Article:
Have you ever heard about the Henokiens? Maybe the names Peugeot, De Kuyper, or Vitale Barberis Canonico are more familiar to you. You may not be aware of the existence of this very peculiar business association, but it is quite possible that you have purchased, or have been in contact with one or many of their members’ products. Born out of the initiative of French entrepreneur Gérard Glotin, once CEO of Marie Brizard (the liquor company), in 1981, this association brings together the world’s most ancient family businesses. And — it goes without saying — the people working there.
In order to become part of the larger Henokiens family, companies must answer to a variety of criteria. The two most important being: having a seniority of more than 200 years, and at least 50% of shares held by the descendants of the founder. Today, about 45 companies can pride themselves in belonging to the association; its oldest member is the Japanese hotel Hōshi ryokan, founded in 717. Once you’re in, the association provides its members with moral, cultural and philosophical mutual aid around the values and concept of family business, an alternative to multinationals, while promoting dynamism and modernity. As our guest of the day told us: “Henokiens do not exchange services, only ideas.”
In order to learn more about the very specificity of the Henokiens, and family business in general, Francesco Barberis Canonico, creative director of Vitale Barberis Canonico, agreed to answer a few of our questions.
Vitale Barberis Canonico is an Henokien company that was born in Italy in 1663 and is globally recognised for its high-end fabrics. A long history that, according to Francesco Barberis Canonico, should not confine the company to radical seriousness:
“We are always very aware that we have a long history. But I think we mustn’t take it too seriously. If you start doing so, you risk getting scared of doing anything and just thinking about your past. I think it is important for a company like us to have very strong roots and to know where we come from. But we also have to look ahead and think of the future, of the new generations of our customers. A rich history can become dangerous in some cases, as you might end up being very repetitive,” he says. “In our work as in our collections, we like to put a twist, a bit of sense of humour. We want our buyers, when they look at our fabrics, to think, ‘Why have they done this?’ If it’s caught their attention — bingo!”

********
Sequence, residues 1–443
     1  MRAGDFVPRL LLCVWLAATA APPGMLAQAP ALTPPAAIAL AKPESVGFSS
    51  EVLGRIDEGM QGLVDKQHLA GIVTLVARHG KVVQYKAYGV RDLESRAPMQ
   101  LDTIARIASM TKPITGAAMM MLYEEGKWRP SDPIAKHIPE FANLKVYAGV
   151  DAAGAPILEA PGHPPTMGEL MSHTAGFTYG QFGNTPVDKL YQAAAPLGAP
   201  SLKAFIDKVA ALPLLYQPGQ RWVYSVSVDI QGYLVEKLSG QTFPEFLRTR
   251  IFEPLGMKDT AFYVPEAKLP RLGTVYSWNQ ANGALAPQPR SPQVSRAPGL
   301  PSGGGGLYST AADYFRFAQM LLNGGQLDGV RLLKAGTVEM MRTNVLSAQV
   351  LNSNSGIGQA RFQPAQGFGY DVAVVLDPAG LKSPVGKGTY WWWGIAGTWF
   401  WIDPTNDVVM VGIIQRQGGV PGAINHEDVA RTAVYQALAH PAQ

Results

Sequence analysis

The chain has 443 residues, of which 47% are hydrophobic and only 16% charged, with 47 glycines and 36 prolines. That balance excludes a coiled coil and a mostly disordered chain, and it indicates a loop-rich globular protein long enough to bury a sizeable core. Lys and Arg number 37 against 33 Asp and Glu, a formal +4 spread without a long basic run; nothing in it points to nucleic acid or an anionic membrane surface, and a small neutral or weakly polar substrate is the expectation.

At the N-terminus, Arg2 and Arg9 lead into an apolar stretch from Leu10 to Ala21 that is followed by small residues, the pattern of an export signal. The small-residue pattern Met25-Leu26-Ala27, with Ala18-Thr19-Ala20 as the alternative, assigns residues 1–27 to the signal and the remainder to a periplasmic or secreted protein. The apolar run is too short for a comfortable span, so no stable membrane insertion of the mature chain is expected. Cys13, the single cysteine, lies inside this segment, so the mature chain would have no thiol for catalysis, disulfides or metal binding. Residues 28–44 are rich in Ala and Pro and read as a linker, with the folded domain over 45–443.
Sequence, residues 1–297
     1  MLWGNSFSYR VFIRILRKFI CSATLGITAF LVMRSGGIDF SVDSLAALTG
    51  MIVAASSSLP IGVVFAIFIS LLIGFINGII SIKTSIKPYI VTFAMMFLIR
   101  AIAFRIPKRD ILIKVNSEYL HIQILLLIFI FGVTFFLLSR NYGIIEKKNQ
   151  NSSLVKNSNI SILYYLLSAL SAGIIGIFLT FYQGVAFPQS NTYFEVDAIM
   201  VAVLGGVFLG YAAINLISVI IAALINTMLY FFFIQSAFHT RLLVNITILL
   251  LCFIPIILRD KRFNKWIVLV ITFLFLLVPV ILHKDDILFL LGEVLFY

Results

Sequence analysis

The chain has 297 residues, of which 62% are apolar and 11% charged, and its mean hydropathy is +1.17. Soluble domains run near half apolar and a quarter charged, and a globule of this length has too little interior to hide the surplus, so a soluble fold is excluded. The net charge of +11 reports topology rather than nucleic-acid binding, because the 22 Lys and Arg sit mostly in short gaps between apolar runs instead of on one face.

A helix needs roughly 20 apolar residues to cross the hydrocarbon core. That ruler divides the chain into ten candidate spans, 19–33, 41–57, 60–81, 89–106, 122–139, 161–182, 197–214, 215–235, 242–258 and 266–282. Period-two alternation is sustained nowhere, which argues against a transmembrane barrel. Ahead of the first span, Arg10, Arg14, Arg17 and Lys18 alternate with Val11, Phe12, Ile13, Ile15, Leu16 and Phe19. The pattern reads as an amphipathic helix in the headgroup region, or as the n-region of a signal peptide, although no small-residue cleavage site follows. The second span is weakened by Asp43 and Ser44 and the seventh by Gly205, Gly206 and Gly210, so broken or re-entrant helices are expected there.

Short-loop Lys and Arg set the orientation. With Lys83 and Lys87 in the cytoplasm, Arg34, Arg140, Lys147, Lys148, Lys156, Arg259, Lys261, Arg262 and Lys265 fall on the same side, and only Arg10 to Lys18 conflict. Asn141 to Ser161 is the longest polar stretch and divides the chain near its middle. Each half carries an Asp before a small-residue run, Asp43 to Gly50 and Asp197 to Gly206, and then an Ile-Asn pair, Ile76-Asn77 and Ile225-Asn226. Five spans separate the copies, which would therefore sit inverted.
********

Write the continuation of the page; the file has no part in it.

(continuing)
I think it is important for a company like us to have very strong roots and to know where we come from. But we also have to look ahead and think of the future, of the new generations of our customers.
To catch and retain the attention of younger customers, Vitale Barberis Canonico has had to reinvent itself many times throughout history.
Indeed, as one can easily conceive, European history has not spared the more-than-300-year-old textile company: “We faced many crises, pandemics and four different industrial revolutions, and the first one saw my great grandfather dealing with the move towards industrialisation. My grandfather decided to move from mid-level-quality to high-quality when the automatic looms became available. In 1970, we started to invest heavily in automation. Machines helped workers and vice versa. The market was growing so I think the trend of internationalisation helped to expand into new markets, in five different continents. We survived because we grew around the world. We can compete not only in the high-end market but also the mid-level range, globally. Not only is the suit an important item for the luxury market, but it is also important for the general business segment of ready-to-wear and we hope for the new generations”